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Basketry: Japan's Bamboo Art

By:  Michelle Diaz

Think of Japan. Think of the culture, the lands, the atmosphere. It is a beautiful place, mystical, one with a rich history and cultural beginnings. What do you imagine when you think of the landscape? Do you picture bamboo groves spanning into the distance? What do you think of when you think of the homes, and everyday objects used there? Can you picture mats, beds, and baskets made out of natural materials? Do you think of bamboo?

I have always been very interested in the Japanese culture. For years now I have been learning new things about the history and society of Japan. I currently have a great interest in the amazing Japanese woodcut prints, their forms of theater, and I am a big fan of the anime show Tenchi Muyo. Every time I learn something new about Japan I am always in awe when I discover or am told about something interesting in Japan. Japan is such an inventive and naturally artistic country that even everyday objects, methods, practices, and common forms of simple art are amazingly beautiful.

The sad thing though is that many of these traditional ways and objects are becoming less and less common. The unintentionally beautiful everyday things are now starting to disappear. One such tradition and object almost lost, is the art of bamboo craftsmanship. Luckily though, there is still a hope for the continuing existence of the bamboo arts.

The Japan Crafts Art Association hopes to ensure this continuing existence. In 1955, a sudden drop in the areas of traditional craft in Japan, due to the greater use of plastic, started to worry the Japanese government. That is what initiated the creation of this association. Through the Japan Crafts Art Association and through the fall Japan Traditional Crafts Art Exhibit, the tradition of bamboo craftsmanship is kept alive.

Bamboo's History

When I asked you earlier if you pictured bamboo groves in the landscape, it was because there are innumerable bamboo groves in Japan. In fact, bamboo is one of the most important products in Japanese history. In earlier years, almost everything essential to everyday life was made out of bamboo. Bamboo was used as rafters for thatched roofs, beds, inside clay walls, as fences, cups, umbrellas, brooms, gutters, brushes, flutes, in religious objects, and more. The greatest amount of bamboo was split into strips and made into bamboo baskets.

An interesting thing to consider is why bamboo is used so much to make baskets when there are many other materials around to make them with. Well simply, it is the best choice. Bamboo is widespread, easily found and in mass quantities. It is more accessible, and is easy and takes little time to grow. Another reason is that bamboo is light and hollow with fibers running vertically, making it strong and resilient. Lastly, crafting bamboo is relatively easy.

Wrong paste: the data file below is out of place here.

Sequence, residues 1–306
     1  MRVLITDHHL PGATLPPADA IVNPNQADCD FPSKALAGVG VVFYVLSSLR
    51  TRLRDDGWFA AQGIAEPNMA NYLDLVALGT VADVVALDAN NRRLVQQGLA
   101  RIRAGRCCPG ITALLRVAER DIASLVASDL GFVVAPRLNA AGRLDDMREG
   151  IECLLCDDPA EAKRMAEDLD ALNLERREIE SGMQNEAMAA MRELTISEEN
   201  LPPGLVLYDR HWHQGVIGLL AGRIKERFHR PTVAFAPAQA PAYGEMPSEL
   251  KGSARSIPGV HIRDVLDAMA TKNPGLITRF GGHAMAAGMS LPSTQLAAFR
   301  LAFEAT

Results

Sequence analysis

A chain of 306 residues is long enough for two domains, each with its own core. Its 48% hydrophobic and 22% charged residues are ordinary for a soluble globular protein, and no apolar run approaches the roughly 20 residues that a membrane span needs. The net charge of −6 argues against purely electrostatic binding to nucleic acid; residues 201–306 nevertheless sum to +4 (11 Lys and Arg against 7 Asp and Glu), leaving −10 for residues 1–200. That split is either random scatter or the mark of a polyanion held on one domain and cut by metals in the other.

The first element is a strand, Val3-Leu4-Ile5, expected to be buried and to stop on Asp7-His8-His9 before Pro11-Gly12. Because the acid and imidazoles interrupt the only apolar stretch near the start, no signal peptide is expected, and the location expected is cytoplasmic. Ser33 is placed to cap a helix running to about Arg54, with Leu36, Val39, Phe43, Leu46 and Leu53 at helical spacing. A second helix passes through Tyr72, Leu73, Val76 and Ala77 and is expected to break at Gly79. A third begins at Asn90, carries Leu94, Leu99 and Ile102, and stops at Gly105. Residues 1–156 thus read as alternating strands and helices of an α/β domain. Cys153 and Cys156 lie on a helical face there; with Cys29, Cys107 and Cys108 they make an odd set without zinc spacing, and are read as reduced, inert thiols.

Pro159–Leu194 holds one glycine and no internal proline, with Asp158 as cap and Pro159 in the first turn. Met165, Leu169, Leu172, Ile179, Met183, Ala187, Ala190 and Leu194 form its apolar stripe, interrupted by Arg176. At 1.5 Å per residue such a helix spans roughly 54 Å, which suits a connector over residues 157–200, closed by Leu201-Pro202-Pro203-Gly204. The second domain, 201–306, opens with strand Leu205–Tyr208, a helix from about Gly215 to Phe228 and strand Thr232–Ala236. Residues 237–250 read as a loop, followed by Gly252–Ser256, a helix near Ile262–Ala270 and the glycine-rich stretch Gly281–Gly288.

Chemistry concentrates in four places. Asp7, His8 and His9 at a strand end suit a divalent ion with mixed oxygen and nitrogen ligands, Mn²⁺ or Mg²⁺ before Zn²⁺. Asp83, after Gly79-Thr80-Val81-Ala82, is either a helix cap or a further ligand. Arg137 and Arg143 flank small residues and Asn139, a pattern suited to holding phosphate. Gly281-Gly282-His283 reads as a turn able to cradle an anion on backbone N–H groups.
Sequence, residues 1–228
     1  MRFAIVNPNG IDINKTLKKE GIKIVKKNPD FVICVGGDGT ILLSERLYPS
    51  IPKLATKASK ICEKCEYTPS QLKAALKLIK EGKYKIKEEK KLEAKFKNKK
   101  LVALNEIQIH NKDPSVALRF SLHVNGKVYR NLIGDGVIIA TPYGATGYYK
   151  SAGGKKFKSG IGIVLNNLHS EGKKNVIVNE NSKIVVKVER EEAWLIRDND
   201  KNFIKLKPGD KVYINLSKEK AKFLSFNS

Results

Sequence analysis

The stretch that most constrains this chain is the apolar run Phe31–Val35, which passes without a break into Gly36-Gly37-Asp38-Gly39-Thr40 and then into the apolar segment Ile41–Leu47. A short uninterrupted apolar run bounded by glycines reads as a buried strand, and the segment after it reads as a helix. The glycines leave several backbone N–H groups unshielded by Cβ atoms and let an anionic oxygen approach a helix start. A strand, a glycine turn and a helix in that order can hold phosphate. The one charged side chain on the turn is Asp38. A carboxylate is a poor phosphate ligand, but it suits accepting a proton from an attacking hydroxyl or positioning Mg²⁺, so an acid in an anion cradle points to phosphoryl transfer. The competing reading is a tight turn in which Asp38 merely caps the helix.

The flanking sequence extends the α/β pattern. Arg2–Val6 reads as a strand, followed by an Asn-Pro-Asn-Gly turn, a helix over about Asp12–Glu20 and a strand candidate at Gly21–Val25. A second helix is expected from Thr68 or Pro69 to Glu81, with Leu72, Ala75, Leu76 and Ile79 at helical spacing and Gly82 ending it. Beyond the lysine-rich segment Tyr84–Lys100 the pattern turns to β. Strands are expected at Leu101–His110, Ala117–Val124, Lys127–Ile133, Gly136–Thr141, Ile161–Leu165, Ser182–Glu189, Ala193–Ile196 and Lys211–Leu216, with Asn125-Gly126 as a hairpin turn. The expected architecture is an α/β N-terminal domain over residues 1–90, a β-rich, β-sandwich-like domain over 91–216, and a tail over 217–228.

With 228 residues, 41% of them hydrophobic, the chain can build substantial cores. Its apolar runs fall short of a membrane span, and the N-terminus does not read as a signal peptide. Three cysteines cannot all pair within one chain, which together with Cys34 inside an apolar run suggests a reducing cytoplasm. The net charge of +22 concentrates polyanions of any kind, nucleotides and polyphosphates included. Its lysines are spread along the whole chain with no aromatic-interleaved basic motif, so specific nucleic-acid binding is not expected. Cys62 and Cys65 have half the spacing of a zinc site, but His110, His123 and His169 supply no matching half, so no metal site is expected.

With hundreds of different kinds of baskets so easily made, it is hard to understand why bamboo baskets and bamboo craftsmanship is becoming so rare now. Well, think about it. Before, these baskets were very necessary to everyday life. The terrain of Japan was not easily traveled with animals and carts, and motor vehicles did not exist until fairly recently. Baskets were used to carry everything.

First of all, baskets carried food. They were storage containers, cooking utensils, strainers for vegetables, and even traps for fish, crab or lobster. Now what is common? Roads and highways crowded with bustling cars and trucks easily, effortlessly, and efficiently transporting goods. Plastic. Plastic containers, strainers, utensils, and furniture are what are common now.
Industrialization has almost completely wiped out the use for bamboo baskets.
Industrialization threatens tradition and this beautiful art's continuing existence.

Preserving a Lost Art:
Portraits of Several Leading Basket Craftsmen

Iizuka Shokansai was born into a family of bamboo basket makers. His father was one of the most famous bamboo artists of the twentieth century. Iizuka was not originally going to be a basket maker, though, his older brother was. Soon after his brother was killed in war, Iizuka was asked to return home from the Tokyo University of Art where he majored in oil painting. He was asked to return home to study under his father and carry on the family business. In 1982 Shokansai was named a Living National Treasure by the Japan Crafts Art Association with the Agency for Cultural Affairs.

Katsushiro Soho learned first from his father how to make utilitarian baskets. He then studied under many people as an apprentice, and later, after going independent, under a renowned bamboo craftsman. Soho was admitted to the Japan Traditional Craft Arts Exhibition in 1968 and has been exhibited twenty-nine times since then. He became an official member of the Japan Craft Arts Association in 1972 and has won numerous awards since then.

Honma Kazuaki was born on Sado Island, and at twenty-two apprenticed himself to a prominent basket maker. In 1965 he began making pieces for exhibition and was admitted to the Japan Modern Craft Arts Exhibition. He has been admitted nine times after that. Kazuaki has won numerous awards and has had many solo exhibitions since.

Yamaguchi Ryaun graduated in bamboo craft from the Beppu Vocational School in 1957. At twenty-three he was apprenticed to one of the Living National Treasures. He has won countless awards since then. He was admitted to the Japan New Craft Arts Exhibition in 1987.

These artists are only a few of the many very talented bamboo craftsmen that still exist. Though they are far fewer than what used to be, they are still significant in their accomplishments. I only hope that this wonderful, beautiful art does not fall out of practice someday. I hope we will not forget the beauty of the bamboo arts.